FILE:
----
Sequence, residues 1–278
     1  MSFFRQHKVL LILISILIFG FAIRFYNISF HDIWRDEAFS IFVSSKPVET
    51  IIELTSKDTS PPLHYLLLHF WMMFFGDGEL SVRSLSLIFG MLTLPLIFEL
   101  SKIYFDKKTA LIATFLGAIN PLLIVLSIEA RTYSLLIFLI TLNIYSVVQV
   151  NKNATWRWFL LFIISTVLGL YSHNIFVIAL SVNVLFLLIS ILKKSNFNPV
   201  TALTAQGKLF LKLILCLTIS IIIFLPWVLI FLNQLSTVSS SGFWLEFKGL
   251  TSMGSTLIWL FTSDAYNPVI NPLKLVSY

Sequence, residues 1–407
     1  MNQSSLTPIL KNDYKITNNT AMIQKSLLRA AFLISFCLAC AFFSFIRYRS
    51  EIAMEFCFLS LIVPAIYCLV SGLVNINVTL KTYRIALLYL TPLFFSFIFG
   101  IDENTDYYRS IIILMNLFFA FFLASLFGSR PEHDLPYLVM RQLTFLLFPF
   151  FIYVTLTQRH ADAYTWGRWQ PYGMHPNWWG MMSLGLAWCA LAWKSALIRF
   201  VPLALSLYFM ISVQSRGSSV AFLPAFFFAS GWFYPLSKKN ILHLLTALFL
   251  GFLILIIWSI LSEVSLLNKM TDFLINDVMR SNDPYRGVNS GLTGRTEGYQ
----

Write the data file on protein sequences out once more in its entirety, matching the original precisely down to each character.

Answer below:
Sequence, residues 1–278
     1  MSFFRQHKVL LILISILIFG FAIRFYNISF HDIWRDEAFS IFVSSKPVET
    51  IIELTSKDTS PPLHYLLLHF WMMFFGDGEL SVRSLSLIFG MLTLPLIFEL
   101  SKIYFDKKTA LIATFLGAIN PLLIVLSIEA RTYSLLIFLI TLNIYSVVQV
   151  NKNATWRWFL LFIISTVLGL YSHNIFVIAL SVNVLFLLIS ILKKSNFNPV
   201  TALTAQGKLF LKLILCLTIS IIIFLPWVLI FLNQLSTVSS SGFWLEFKGL
   251  TSMGSTLIWL FTSDAYNPVI NPLKLVSY

Sequence, residues 1–407
     1  MNQSSLTPIL KNDYKITNNT AMIQKSLLRA AFLISFCLAC AFFSFIRYRS
    51  EIAMEFCFLS LIVPAIYCLV SGLVNINVTL KTYRIALLYL TPLFFSFIFG
   101  IDENTDYYRS IIILMNLFFA FFLASLFGSR PEHDLPYLVM RQLTFLLFPF
   151  FIYVTLTQRH ADAYTWGRWQ PYGMHPNWWG MMSLGLAWCA LAWKSALIRF
   201  VPLALSLYFM ISVQSRGSSV AFLPAFFFAS GWFYPLSKKN ILHLLTALFL
   251  GFLILIIWSI LSEVSLLNKM TDFLINDVMR SNDPYRGVNS GLTGRTEGYQ